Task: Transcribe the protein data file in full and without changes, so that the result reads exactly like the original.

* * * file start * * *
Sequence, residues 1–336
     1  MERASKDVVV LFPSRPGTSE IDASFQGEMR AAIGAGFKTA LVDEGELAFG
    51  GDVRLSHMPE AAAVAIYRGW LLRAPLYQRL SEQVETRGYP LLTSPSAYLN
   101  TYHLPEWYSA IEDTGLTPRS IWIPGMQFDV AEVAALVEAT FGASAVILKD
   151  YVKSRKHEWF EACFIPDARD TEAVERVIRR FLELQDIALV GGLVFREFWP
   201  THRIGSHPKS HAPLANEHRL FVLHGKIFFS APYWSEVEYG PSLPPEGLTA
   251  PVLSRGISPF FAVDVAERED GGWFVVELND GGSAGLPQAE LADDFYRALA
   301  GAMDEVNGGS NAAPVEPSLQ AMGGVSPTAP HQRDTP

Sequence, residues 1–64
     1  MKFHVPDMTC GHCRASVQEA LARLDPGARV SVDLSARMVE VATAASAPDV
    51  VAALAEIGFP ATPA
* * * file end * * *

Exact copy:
Sequence, residues 1–336
     1  MERASKDVVV LFPSRPGTSE IDASFQGEMR AAIGAGFKTA LVDEGELAFG
    51  GDVRLSHMPE AAAVAIYRGW LLRAPLYQRL SEQVETRGYP LLTSPSAYLN
   101  TYHLPEWYSA IEDTGLTPRS IWIPGMQFDV AEVAALVEAT FGASAVILKD
   151  YVKSRKHEWF EACFIPDARD TEAVERVIRR FLELQDIALV GGLVFREFWP
   201  THRIGSHPKS HAPLANEHRL FVLHGKIFFS APYWSEVEYG PSLPPEGLTA
   251  PVLSRGISPF FAVDVAERED GGWFVVELND GGSAGLPQAE LADDFYRALA
   301  GAMDEVNGGS NAAPVEPSLQ AMGGVSPTAP HQRDTP

Sequence, residues 1–64
     1  MKFHVPDMTC GHCRASVQEA LARLDPGARV SVDLSARMVE VATAASAPDV
    51  VAALAEIGFP ATPA